Avocado trees are very thirsty plants, requiring an average of around 1,000 litres of water per kg. This is higher than most other fruits and vegetables but lower than some cereals such as rice. The main issue is that avocados are grown in regions that are already water-stressed.

Mexico, the world’s top avocado producer, is experiencing prolonged periods of drought, so irrigating avocado plantations may be undermining the local population’s access to water. This issue of fair water distribution could get worse in the coming decades.

There are also impacts on nature to consider. Traditionally, avocado trees were planted in mixed plots with other crops and harvested as a subsistence food, with only the surplus being exported. This practice changed as demand from the US and Europe increased.

Avocados are now primarily grown as an export crop, with production switching to large, monoculture plantations to maximise productivity. These monocultures have pushed out other native crops and are much more vulnerable to pests and disease than mixed planting.

All this means greater volumes of pesticide chemicals and synthetic fertilisers need to be used. These, in turn, negatively affect biodiversity, soil quality and human health.

wide shot of terraced farmed crop, avocado green trees on hillside, hills in background, clear sky
wide shot of terraced farmed crop, avocado green trees on hillside, hills in background, clear sky

Worse still, in some regions new avocado plantations are driving deforestation. As much as 25,000 hectares of forest are being cleared every year in the state of Michoacán, Mexico’s main avocado producing region that supplies most of the avocados sold in the US.

Michoacán has rich forest cover that is home to several endangered animals such as jaguars, cougars and coyotes. Increasing avocado production in this region could therefore be a massive threat to biodiversity.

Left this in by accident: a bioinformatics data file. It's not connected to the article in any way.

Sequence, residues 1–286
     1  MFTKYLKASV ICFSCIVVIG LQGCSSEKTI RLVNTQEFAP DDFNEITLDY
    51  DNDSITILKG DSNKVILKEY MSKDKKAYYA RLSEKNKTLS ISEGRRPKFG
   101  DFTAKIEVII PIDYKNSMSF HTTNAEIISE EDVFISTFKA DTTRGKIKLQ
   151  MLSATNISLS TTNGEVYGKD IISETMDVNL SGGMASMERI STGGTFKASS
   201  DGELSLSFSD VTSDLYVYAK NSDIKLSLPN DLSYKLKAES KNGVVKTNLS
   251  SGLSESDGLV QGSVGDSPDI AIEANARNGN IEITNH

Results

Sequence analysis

Finally, there are the human impacts to consider. While the avocado trade can help the local populations by providing income for farmers, they are also the ones who are feeling the brunt of the environmental issues. In addition, avocado plantations have been linked to organised crime and human rights abuses, with some towns and villages getting so sick of the problems that they have outlawed avocados altogether.

Frustratingly, there aren’t any easy answers. Looking for fairtrade or organically produced avocados might help in terms of the human and biodiversity impacts, but the certification processes are far from perfect and often too expensive for small-scale farmers in developing countries. They also may not result in lower emissions than monoculture plantations.

Avocados aren’t the only food with an environmental burden. They have a much lower carbon footprint than most animal products and are just one of many crops where a single variety dominates the market. But neither should we dismiss the damage that avocado production is having on nature and local populations.

The best advice for consumers may be to consider alternative varieties of avocado where possible to reduce the demand for monoculture plantations. Where these aren’t available, the next best thing is probably to try to keep avocados as a treat rather than a regular staple.

This article is republished from The Conversation under a Creative Commons license. Read the original article.

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Thomas Davies does not work for, consult, own shares in or receive funding from any company or organisation that would benefit from this article, and has disclosed no relevant affiliations beyond their academic appointment.